The minute the door clicked behind me I realized my mistake. My keys were on the table, and the table was on the other side of the locked door. It was bad enough that I was already running late for a meeting where I was a guest speaker. I’d intended to leave 15 minutes earlier but the morning got the better of me. I always think I can get more done than the time allows.
“Darn it,” I muttered.
Standing on the side porch, it took a minute to pull myself together and remember there was a spare key in the garage. Fortunately, traffic cooperated and I managed to arrive only 5 minutes late. But as I drove, instead of rehearsing my talk, inside my head I was repeating the same thing over and over, “Stupid, stupid, stupid.” Sprinkled in with, “You need to be more organized; watch your time better. Not be such an idiot.”
Of course, everyone waiting for me didn’t know what my interior narrative was. I quickly apologized for being late, and it was just as quickly shrugged off.
“I’ve done the same thing before. Don’t be so hard on yourself,” said Sally, who had organized the meeting. I felt guilty for arriving late, yet those in attendance were still filing in and chatting. My lateness was hardly noticed by anyone but me.
I find being hard on myself is easier than to be forgiving. I like to think I’m at a place of personal maturity that would allow me not to beat myself up, yet I am also only ever one step away from my natural tendency toward self-doubt.
I think I may be in good company. I see nurses second guess themselves all the time. Maybe it is because many nurses have a tendency toward control. The very thing that makes us good nurses, the ability to organize our day in spite of circumstances we may lose control of, has us soldiering on in the belief that we can mark off all of the boxes on our task list. To miss something, especially if you have to pass it along to the next shift, is to be avoided.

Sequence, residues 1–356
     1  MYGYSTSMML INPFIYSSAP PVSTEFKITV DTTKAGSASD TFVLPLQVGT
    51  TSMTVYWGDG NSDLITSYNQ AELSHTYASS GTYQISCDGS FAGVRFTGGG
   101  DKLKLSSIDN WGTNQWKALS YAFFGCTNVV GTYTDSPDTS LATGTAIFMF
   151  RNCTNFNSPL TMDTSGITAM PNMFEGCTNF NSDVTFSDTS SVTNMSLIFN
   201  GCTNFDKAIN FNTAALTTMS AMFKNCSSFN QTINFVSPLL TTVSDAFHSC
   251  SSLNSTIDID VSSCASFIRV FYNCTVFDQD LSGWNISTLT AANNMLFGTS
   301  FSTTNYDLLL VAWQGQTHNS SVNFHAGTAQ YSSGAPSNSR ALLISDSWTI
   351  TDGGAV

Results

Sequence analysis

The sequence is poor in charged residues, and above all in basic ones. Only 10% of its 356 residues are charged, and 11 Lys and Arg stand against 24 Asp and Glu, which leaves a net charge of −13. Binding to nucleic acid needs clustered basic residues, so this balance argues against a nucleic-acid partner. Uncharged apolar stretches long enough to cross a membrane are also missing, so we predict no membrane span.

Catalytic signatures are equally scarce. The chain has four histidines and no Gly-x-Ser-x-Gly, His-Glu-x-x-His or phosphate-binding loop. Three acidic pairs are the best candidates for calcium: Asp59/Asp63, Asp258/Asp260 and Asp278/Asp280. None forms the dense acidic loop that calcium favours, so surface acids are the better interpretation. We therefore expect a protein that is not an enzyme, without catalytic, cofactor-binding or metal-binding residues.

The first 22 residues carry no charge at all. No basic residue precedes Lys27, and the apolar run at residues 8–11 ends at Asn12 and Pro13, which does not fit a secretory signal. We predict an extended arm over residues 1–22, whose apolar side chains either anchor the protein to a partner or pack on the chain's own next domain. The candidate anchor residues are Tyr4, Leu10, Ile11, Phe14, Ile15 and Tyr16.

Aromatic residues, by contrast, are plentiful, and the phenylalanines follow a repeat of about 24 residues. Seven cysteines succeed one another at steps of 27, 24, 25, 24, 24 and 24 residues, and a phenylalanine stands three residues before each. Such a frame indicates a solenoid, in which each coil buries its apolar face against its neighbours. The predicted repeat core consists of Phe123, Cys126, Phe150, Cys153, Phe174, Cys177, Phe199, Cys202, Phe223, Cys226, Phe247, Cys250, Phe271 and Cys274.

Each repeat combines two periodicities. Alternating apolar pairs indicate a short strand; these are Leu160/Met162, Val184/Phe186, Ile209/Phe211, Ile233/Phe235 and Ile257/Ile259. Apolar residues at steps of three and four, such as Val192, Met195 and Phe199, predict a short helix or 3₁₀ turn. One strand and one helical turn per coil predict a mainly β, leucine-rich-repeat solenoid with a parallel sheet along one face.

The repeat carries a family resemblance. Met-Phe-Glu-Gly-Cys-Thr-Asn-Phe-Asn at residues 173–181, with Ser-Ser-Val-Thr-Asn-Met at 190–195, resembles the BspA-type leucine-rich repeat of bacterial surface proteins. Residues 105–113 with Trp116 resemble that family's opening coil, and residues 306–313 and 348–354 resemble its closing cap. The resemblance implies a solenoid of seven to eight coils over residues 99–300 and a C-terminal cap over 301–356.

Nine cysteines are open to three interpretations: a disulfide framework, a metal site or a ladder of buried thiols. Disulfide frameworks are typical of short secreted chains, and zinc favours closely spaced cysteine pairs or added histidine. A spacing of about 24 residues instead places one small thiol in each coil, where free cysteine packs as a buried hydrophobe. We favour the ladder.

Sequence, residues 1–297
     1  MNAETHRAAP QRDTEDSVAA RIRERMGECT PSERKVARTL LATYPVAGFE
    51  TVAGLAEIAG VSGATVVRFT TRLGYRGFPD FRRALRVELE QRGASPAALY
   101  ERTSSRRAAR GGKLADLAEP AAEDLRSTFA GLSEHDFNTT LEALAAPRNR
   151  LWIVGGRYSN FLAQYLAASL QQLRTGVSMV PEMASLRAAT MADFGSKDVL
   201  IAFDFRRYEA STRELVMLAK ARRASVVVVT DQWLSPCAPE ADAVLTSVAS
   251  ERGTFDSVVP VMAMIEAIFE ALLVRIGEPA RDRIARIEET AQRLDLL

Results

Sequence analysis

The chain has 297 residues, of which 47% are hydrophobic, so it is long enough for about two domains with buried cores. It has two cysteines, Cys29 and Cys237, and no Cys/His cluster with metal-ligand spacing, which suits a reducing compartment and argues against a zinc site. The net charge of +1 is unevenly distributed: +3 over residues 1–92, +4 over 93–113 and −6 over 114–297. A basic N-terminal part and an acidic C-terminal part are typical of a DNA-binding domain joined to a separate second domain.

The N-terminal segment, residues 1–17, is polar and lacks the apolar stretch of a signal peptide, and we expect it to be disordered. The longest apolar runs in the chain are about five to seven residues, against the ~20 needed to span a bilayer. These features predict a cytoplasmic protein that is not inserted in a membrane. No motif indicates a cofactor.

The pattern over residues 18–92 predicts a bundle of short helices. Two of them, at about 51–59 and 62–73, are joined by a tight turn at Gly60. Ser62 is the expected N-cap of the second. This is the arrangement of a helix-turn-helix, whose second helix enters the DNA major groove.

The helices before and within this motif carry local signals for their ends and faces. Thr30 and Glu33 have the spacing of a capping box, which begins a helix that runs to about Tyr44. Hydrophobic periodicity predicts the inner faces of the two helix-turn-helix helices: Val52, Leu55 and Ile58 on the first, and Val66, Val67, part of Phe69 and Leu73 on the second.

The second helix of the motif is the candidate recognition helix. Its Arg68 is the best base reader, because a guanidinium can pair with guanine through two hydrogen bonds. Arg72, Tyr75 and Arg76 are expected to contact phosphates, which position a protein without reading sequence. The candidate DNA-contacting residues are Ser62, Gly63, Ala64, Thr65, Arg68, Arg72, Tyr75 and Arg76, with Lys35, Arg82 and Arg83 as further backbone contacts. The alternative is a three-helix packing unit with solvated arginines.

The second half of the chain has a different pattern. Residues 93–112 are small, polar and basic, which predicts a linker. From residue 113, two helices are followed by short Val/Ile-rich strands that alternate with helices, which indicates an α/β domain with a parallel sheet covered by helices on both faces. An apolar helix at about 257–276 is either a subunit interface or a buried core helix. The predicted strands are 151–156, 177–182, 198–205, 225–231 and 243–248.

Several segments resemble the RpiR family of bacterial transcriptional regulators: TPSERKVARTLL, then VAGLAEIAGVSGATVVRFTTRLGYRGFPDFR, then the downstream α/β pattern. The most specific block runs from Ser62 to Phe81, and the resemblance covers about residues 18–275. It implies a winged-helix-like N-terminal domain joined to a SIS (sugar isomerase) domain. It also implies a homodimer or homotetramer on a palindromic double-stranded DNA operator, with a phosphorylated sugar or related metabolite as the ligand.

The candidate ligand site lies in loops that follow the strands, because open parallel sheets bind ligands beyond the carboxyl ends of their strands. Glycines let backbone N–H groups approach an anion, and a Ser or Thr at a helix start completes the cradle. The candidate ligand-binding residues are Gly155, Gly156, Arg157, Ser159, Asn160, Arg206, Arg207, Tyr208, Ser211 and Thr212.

Recently I spoke with a bedside nurse, Amber, who was giving herself a hard time because her patient had a bad outcome. On a logical level, she understood that what happened was unrelated to how she had cared for her patient. The patient was admitted to the hospital with pneumonia and altered mental status. She had advanced disease and her chemo treatment was on hold. Because of the COVID-19 pandemic, the family was not allowed to be at the bedside and all conversations with them were conducted on the phone. They were holding out the hope not just that she could recover from pneumonia, but that she would get strong enough for more chemo. They asked that she be a partial code of “Do Not Intubate.”
When Amber went into the room to pass meds, the patient was hovering on the precipice of respiratory failure. Amber called a code and started CPR but the patient did not survive. Her death was not unexpected, yet Amber blamed herself. “Maybe if I’d gone in earlier I could have done something.” Perhaps it was guilt masquerading as grief. Amber had advocated for the patient being made DNR. We discussed all of the particulars of the case, and it was evident that nothing she did or didn’t do would have changed the outcome, not even if she’d gone into the room earlier. I tried to reassure Amber of that. She nodded in agreement but the look on her face said the opposite. Maybe her internal narrative was already set.